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Makar Sankranti is a festival about food and the family. It involves different, fun-filled activities. This year, make the new beginnings for your family a more joyous ones and see how you can involve your kids in the festivities
Makar Sankranti, celebrated on January 14 every year, marks the end of short winter days and the beginning of longer summer days. Traditionally, it's a time for farmers to rejoice the end of harsh winters and look forward to a bountiful harvest. The festival celebrates new beginnings and positivity.
After being cooped up all winter, it's a time when friends and families come together to celebrate good times and good food. Makar Sankranti, celebrated in various forms across India, is an important festival not only because it combines our history with culture, but also is symbolic of new beginnings, hope and positivity. It is an occasion for the family to come together, cook a wholesome traditional meal and tell family stories of the past and present, over a bonfire.
Shraddha Shukla, a homemaker and a parent of two, says that Makar Sankranti has always been a special day for her.
"As a child, I used to get very excited as the day of the festival got nearby. While it meant waking up earlier than usual and taking a bath, we didn't mind as we had so much to look forward to. I especially loved the bonfire parties, we used to go to our neighbor's house. That was the highlight of my day," she says. And while she can't do a bonfire in her apartment complex, she involves her children in the other traditions. "We go up to the roof with some snacks and watch all the kites. Hopefully, very soon, we can teach our children how to fly a kite!" she says.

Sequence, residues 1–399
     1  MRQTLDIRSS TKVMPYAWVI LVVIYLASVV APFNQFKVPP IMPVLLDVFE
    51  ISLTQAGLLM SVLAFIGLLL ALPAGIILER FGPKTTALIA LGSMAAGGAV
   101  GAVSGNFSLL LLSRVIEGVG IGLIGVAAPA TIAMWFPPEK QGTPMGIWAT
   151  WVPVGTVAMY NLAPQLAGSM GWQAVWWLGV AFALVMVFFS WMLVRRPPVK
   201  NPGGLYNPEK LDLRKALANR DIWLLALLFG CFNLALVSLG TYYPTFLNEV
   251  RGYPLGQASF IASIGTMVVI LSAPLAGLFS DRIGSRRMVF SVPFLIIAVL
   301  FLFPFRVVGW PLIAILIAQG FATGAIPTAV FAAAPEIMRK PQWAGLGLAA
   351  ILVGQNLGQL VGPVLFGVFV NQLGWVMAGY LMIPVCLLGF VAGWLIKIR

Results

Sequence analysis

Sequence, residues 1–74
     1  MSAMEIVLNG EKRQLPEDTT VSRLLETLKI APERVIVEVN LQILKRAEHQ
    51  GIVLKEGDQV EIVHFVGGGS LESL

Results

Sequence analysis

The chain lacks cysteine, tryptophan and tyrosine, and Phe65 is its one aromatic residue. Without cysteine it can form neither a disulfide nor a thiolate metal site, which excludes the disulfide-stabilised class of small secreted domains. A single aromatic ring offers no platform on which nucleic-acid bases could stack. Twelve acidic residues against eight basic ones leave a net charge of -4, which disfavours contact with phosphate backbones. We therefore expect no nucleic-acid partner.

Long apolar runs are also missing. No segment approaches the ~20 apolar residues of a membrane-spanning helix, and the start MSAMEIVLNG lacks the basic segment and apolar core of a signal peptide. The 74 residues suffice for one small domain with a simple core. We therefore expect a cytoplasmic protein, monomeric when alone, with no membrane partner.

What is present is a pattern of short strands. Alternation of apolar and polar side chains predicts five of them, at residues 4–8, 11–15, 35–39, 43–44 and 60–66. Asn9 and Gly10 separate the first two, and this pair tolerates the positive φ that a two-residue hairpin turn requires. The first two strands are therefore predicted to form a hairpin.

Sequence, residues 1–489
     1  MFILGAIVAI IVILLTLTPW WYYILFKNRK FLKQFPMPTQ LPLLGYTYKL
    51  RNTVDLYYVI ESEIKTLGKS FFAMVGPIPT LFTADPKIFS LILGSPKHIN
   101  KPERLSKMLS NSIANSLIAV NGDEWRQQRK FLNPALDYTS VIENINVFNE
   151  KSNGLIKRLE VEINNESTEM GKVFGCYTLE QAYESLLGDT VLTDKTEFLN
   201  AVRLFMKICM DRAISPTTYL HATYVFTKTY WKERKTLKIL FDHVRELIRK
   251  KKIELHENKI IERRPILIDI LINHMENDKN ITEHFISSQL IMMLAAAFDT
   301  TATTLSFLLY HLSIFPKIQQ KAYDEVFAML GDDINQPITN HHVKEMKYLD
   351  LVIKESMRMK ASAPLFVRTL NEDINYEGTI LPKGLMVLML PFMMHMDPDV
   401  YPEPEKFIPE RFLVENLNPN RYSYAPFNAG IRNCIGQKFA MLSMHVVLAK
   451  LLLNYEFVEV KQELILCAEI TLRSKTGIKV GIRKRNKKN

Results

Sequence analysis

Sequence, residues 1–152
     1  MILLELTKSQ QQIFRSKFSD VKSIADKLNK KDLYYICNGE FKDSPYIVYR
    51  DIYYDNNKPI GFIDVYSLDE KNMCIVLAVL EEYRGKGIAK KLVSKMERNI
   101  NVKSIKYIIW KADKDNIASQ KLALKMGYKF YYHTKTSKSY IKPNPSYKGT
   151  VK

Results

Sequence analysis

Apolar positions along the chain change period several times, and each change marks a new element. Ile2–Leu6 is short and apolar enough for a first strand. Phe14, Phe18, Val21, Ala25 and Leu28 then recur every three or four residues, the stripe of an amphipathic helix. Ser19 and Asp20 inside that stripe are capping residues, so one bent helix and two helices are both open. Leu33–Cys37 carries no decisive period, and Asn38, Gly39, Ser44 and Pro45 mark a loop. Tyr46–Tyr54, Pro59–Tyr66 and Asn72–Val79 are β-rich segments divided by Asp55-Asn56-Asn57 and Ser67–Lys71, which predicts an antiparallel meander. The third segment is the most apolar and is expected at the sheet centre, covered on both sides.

The festival is celebrated in different states with their own unique delicacies and traditions. However, since it's a harvest festival, rice dishes features prominently in the festivities.
Rajasthan: The state celebrates 'Sankrant' with great gusto. From the making of special Rajasthani sweets like ghevar, kheer, gajak and pheeni to giving gifts to loved ones, this is the first major Hindu festival of the year for them. For married women, this festival is of special significance as each married woman gives 13 other married women, gifts on this day.
Uttar Pradesh and Bihar: Also known as 'Khichadi' in some parts of the State, this day is celebrated by offering prayers to the Sun God and taking a dip in the holy waters of the Ganga. The famous Kumbh Mela also takes place during this time.
Gujarat: The festival, known as Uttarayan in Gujarati, is marked by flying kites. The sky is covered in kites of all colors and sizes as people enjoy their traditional snacks like chikkis and til laddoos.
Punjab: Lohri is celebrated a day before Makar Sankranti, that is, on 13 February. The festival is marked by lighting a bonfire (which is symbolic of the Sun God), wearing new clothes, eating sweets and participating in group songs and dance.
Tamil Nadu: Known as Pongal, this festival is celebrated over four days and is one of the most important festivals for the people of the state. People decorate their houses, don new clothes, visit their families, cook a delicious meal and offer their prayers to the Sun God to seek his blessings.